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Manuel Marquez Sterling vs Geza Maroczy
Paris (1900), Paris FRA, rd 3, May-21
Sicilian Defense: French Variation (B40)  ·  0-1



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Kibitzer's Corner
Premium Chessgames Member
  KEG: Maroczy outplayed Sterling in the opening, had a won game by about move 15, and--with the exception of a glitch on move 20--never let Sterling back into the game. But saying that victory was "just a matter of technique" does not capture the hard work Maroczy had to do, and the pitfalls he had to avoid, to win this game.

Sterling's play against Maroczy's Sicilian Defense was poor. His 4. Ne2 gave him a bad game from the very start. His 7. Be3 allowed Maroczy to seize the initiative with 7...c4, and his 15. Rae1 got his position fatally tangled up (15. Rfe1 was clearly much better). After Maroczy's 15...h5, Sterling had to play 16. h4 to halt the advance of Black's h-pawn. After 16. h3, Sterling was busted:

click for larger view

Had Maroczy played 16...h4, Sterling would have been tied up in knots. But, curiously, Maroczy played 16...Bf4 here and did not--though he should have--play h4 on moves 17, 18, 19, or 20. Note that had Maroczy played 20...h4, 21. Nxh4 by Sterling would have allowed mate in 1 with 21...Bh2 mate!

Maroczy's 20...Qd7 was a mistake, and Sterling had his first and only true chance to get back in the game with 21. Ng3. Sterling's inferior 21. Ne5 allowed Maroczy to unleash a brilliant winning combination. After 21. Ne5 NxN 22. dxN the position was as follows:

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Maroczy here played 22...Bxh3!! Had Sterling responded 23. gxB he would have been blown away with 23...Qxh3 24. Ng3 h4!

Sterling actually played 23. Bf3, and was thereupon down a pawn in a lousy position after 23...Be6.

Game over? Hardly. Sterling refused to concede and made Maroczy work very hard over the course of the next 31 moves to close out what looks like a routine win.

I will detail the problems Maroczy had to over come to win this "won game" in subsequent posts.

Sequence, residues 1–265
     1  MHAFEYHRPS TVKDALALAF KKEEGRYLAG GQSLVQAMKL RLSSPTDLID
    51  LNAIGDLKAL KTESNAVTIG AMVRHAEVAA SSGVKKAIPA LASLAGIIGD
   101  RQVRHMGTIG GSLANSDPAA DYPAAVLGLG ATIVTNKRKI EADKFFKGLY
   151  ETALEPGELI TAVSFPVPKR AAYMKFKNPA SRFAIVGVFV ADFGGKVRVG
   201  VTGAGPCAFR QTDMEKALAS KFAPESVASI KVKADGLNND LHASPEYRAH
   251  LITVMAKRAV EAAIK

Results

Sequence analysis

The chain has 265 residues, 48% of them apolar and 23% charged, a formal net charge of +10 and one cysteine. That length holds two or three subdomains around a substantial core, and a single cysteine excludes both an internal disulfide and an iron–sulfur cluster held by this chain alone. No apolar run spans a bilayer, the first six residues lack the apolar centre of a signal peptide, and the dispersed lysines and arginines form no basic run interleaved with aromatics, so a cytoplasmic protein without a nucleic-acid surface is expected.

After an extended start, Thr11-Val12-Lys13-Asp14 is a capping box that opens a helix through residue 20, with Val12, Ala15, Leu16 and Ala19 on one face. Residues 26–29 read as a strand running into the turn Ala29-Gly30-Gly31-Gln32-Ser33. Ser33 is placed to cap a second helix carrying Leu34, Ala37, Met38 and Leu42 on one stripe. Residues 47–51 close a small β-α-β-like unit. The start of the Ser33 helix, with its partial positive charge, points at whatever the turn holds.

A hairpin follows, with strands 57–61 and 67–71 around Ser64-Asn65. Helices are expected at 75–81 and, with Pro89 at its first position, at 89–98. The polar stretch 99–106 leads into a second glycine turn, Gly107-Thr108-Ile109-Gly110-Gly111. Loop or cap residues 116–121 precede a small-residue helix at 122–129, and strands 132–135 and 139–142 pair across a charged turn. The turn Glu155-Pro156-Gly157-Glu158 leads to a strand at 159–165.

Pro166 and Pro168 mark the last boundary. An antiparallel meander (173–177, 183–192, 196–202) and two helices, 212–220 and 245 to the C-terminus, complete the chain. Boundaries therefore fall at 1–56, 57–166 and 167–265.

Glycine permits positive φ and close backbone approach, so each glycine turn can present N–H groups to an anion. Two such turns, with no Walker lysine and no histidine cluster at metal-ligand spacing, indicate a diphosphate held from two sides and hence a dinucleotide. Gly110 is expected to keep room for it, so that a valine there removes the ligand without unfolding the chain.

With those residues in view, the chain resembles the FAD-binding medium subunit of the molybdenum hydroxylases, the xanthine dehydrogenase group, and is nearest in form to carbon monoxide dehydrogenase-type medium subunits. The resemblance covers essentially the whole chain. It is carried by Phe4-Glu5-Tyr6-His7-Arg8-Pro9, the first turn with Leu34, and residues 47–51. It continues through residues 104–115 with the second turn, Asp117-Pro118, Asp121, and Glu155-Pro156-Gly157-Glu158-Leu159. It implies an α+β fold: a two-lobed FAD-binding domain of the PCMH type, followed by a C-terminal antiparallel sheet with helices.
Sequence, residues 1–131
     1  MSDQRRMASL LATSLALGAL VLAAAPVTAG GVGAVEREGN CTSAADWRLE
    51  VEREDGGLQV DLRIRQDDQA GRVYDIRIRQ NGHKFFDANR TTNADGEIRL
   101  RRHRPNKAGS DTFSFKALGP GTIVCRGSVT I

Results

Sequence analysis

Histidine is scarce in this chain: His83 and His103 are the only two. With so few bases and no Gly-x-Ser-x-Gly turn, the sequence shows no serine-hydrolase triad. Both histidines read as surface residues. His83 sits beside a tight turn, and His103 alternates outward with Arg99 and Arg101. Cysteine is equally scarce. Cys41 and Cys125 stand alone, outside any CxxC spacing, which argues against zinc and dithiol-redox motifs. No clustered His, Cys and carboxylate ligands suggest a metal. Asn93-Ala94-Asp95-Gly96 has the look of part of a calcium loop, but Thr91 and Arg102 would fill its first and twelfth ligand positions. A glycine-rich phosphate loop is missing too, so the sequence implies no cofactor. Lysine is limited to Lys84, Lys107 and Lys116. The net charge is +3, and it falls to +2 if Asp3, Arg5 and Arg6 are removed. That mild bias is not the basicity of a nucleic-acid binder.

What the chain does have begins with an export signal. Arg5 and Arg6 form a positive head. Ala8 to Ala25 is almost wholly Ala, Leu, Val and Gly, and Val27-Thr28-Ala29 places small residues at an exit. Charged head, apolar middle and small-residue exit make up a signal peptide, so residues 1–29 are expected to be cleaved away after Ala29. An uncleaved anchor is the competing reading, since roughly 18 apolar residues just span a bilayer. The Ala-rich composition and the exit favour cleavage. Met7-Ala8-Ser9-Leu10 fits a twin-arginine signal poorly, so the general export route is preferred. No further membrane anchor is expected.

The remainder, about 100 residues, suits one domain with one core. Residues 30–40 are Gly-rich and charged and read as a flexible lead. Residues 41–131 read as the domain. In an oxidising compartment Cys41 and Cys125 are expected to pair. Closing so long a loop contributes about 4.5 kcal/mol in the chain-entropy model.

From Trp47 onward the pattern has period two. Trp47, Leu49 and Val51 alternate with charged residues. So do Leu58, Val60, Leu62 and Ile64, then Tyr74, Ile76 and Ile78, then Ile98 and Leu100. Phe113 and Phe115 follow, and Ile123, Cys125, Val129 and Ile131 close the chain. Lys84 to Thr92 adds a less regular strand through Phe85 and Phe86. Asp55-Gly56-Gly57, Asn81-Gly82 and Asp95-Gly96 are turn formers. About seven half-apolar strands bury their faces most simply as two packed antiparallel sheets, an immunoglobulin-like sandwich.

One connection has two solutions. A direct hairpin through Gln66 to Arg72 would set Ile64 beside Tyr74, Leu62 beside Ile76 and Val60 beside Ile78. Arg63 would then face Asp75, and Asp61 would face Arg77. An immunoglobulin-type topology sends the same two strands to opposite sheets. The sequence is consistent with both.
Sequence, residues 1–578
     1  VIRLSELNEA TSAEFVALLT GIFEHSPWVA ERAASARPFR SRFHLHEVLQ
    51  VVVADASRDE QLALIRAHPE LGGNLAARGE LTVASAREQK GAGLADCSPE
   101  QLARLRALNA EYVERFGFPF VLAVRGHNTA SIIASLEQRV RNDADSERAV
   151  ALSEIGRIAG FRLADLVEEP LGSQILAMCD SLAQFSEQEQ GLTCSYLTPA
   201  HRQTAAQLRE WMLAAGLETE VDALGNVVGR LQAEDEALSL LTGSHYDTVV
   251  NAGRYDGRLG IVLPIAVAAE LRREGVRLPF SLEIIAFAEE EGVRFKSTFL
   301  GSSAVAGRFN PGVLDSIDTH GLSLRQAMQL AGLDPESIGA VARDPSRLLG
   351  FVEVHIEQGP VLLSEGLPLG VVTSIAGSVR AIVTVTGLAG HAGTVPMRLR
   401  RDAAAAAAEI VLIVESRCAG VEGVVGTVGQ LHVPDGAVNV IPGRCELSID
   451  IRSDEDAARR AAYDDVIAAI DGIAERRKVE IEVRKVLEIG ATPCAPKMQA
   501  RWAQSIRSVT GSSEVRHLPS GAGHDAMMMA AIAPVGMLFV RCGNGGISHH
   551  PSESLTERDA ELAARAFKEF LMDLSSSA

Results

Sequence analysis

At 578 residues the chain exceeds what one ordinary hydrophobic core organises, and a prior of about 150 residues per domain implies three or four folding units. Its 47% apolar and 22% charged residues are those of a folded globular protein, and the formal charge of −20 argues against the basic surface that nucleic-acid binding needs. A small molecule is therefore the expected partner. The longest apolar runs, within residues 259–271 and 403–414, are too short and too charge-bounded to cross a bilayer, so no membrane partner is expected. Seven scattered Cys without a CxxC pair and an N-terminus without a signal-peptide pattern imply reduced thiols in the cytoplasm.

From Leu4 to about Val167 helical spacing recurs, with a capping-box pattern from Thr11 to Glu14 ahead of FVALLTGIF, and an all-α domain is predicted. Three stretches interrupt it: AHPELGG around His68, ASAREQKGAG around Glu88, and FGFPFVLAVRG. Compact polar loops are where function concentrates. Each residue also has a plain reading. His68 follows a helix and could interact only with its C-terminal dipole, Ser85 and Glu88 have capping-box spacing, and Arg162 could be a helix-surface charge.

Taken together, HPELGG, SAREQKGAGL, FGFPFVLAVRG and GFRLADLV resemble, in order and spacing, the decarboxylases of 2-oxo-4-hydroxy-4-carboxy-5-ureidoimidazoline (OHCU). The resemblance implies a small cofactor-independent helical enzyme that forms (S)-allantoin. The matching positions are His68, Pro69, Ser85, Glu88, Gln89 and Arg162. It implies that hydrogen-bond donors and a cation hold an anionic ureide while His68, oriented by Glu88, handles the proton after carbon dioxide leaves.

Premium Chessgames Member
  KEG: After 23...Be6 (23...Bg4 would have been even better), Maroczy seemingly had the game in hand. But, while never relinquishing his winning advantage, Maroczy missed opportunities to finish the game quickly. His 25...h4 (a move Maroczy should have played much earlier) was inferior to 25...Bd8, and his seemingly routine 26...Bxh4 missed the much stronger 26...Bf4.

But Sterling allowed Maroczy to trade Queens beginning with 29...Qg5 and reach a winning endgame. Sterling should clearly have declined Maroczy's pawn sacrifice (32...d5) and played 33. Ne2. When he played 33. Rxd4 Maroczy was on the verge of finishing off the game after 33...RxR 34. cxR c3. After Sterling's 35. d5, the position was as follows:

click for larger view

Had Maroczy played the simple 35...Bf5, it is hard to see how Sterling could have survived for very long. But Maroczy played the tempting 35...c2, and suddenly the game got interesting.

After 36. dxB c1(Q) 37. exf7+ Kxf7 38. e6+ (38. RxQ was better) Ke7 39. RxQ BxR 40. Bb7 Bxa3 41. Bxa6 Rb8 42. Ne2 the position was as follows:

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According to Rosenthal in the Tournament Book, Maroczy didn't dare play 42...Bxb4 here because 43. Nd4 would have allowed Sterling to save the game after 44. Bxb5. But this is wrong. Maroczy could have won most simply bu playing 42...Bxb4, since after 43. Nd4 Rb6 44. Bxb5 he could have snuffed out resistance with 44...Bc5 (the move Rosenthal apparently missed) 45. Nc6+ Kxe6 46. Bc4+ Kf5 47. Na5 Rb2.

Maroczy apparently also thought that 42...Bxb4 was a mistake and played 42...Rb6. Now, though Maroczy still had a win, the battle was still not over as I will show in a later post.

Premium Chessgames Member
  KEG: After Maroczy's 42...Bxb4 43. Bc8 Bxb4, Sterling's theoretically best move was probably 44. Bd7. But he decided to try a desperate swindle that might well have worked against a player less careful than Maroczy.

Sterling played 44. Nf4?! and after 44...Rb8 45. Bd7 Bd6 46. Nxg6+ Kf6 47. Nh4 Be5 the position was as follows:

click for larger view

The game appear to be over, but Sterling had a trick up his sleeve. He played 48. Nf5. As Rosenthal points out in the Tournament Book, had Maroczy responded 48...KxN? Sterling would have had a draw with 49. e7+ and 50. e8(Q).

Maroczy saw the danger and played 49...b4, and cruised to victory. Sterling had to retreat his Knight and give it up for the b-pawn. Maroczy was soon up a Rook for a pawn, and the rest was easy.

Aug-02-17  Saniyat24: Although he lost the match, I liked the playing style of Manuel Sterling...Maroczy was just relentless... I used to pronounce Maroczy as Marcozy...!!
Dec-10-18  Saniyat24: Sterling to Forint...!

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